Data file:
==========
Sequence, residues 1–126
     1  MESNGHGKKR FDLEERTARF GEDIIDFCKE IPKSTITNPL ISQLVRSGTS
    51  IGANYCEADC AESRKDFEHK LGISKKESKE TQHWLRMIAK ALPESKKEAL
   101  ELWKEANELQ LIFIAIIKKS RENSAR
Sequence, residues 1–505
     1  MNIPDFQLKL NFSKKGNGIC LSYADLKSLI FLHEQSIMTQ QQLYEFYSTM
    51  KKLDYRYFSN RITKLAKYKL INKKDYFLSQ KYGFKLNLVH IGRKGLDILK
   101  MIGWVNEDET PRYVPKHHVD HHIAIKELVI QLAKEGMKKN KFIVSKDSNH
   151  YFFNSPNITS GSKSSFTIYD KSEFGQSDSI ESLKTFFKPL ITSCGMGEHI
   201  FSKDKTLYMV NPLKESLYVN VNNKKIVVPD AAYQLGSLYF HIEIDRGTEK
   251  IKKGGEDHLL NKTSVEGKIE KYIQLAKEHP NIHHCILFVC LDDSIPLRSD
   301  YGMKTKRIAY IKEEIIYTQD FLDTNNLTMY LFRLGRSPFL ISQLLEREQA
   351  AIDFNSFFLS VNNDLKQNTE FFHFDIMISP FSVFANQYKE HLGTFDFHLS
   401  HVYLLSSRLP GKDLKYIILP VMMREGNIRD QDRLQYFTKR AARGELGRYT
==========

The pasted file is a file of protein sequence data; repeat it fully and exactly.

Sequence, residues 1–126
     1  MESNGHGKKR FDLEERTARF GEDIIDFCKE IPKSTITNPL ISQLVRSGTS
    51  IGANYCEADC AESRKDFEHK LGISKKESKE TQHWLRMIAK ALPESKKEAL
   101  ELWKEANELQ LIFIAIIKKS RENSAR
Sequence, residues 1–505
     1  MNIPDFQLKL NFSKKGNGIC LSYADLKSLI FLHEQSIMTQ QQLYEFYSTM
    51  KKLDYRYFSN RITKLAKYKL INKKDYFLSQ KYGFKLNLVH IGRKGLDILK
   101  MIGWVNEDET PRYVPKHHVD HHIAIKELVI QLAKEGMKKN KFIVSKDSNH
   151  YFFNSPNITS GSKSSFTIYD KSEFGQSDSI ESLKTFFKPL ITSCGMGEHI
   201  FSKDKTLYMV NPLKESLYVN VNNKKIVVPD AAYQLGSLYF HIEIDRGTEK
   251  IKKGGEDHLL NKTSVEGKIE KYIQLAKEHP NIHHCILFVC LDDSIPLRSD
   301  YGMKTKRIAY IKEEIIYTQD FLDTNNLTMY LFRLGRSPFL ISQLLEREQA
   351  AIDFNSFFLS VNNDLKQNTE FFHFDIMISP FSVFANQYKE HLGTFDFHLS
   401  HVYLLSSRLP GKDLKYIILP VMMREGNIRD QDRLQYFTKR AARGELGRYT